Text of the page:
CHICAGO (WLS) — Testimony Monday in the corruption trial of former Chicago Alderman Ed Burke surrounded the onetime powerful politician’s alleged interactions involving the Field Museum.
Burke’s power was so potent, it had Field Museum officials scrambling to make it up to him because they had dropped the ball on an internship application from the former alderman’s goddaughter.
Burke’s anger played out during a terse phone call between him and Deborah Bekken, a former museum director of government affairs. The call was secretly recorded by the FBI.
Bekken testified the museum was seeking approval from the Park District Board for an admissions price increase in 2017. Because Burke had publicly objected to increases for other Chicago museums in the past, the Field Museum thought it would be helpful to give Burke a “heads up” before a Park District vote.
During her conversation with Burke, Bekken was caught off-guard when he angrily brought up the internship issue, something Bekken didn’t know about.
In a gruff voice, Burke said, “So now, you’re going to make a request of me?”
SEE MORE: Ed Burke trial gets underway with 1st witness describing former alderman’s massive power
Bekken tried to answer before Burke cut her off, and said if the chairman of the Committee of Finance calls the president of the Park District, “your proposal is going nowhere.”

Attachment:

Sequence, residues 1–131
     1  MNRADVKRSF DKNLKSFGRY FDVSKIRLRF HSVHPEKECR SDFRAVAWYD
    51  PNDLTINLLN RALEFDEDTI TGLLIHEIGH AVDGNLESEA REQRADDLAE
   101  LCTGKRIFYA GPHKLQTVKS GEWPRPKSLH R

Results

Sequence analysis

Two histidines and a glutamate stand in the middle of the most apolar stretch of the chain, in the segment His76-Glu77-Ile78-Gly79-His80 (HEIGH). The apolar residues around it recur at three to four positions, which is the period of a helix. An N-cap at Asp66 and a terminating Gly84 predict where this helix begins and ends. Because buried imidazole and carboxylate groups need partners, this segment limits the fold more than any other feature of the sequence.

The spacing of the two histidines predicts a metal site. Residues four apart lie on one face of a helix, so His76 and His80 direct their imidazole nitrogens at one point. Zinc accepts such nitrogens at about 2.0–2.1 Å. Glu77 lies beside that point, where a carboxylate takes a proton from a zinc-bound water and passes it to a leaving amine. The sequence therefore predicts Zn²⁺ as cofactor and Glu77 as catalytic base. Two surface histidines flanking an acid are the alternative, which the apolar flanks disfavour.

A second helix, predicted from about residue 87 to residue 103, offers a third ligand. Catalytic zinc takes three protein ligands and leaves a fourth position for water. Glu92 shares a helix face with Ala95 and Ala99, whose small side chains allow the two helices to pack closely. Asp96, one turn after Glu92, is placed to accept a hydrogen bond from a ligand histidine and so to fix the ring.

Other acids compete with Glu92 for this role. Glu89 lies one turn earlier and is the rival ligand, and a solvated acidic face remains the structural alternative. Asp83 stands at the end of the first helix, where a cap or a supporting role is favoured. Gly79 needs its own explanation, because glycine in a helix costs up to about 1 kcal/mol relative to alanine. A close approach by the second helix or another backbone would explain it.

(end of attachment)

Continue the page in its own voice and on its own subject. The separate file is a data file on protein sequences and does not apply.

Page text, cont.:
Bekken told jurors “I perceived it as a threat.”
Bekken said she and other museum officials were so worried about the internship situation with Burke, they talked about coming up with a mea culpa prize for him, but nothing transpired.
The Park District approved the Field Museum’s request for a fee price increase, but, even after the fact, Bekken said museum officials were still concerned about Burke’s support.
However, under cross-examination, Bekken admitted Burke never mentioned on the call he was concerned about a Field Museum price increase nor had he voiced concerns about it in the past.
At one point Monday, proceedings needed to be paused.
Federal Judge Virginia Kendall takes care of two comfort dogs, and sometimes brings them into the courtroom.
One of those Bernese Mountain dogs, who was behind the judge, got up in the middle of the hearing and became ill.
There was a brief recess during the incident.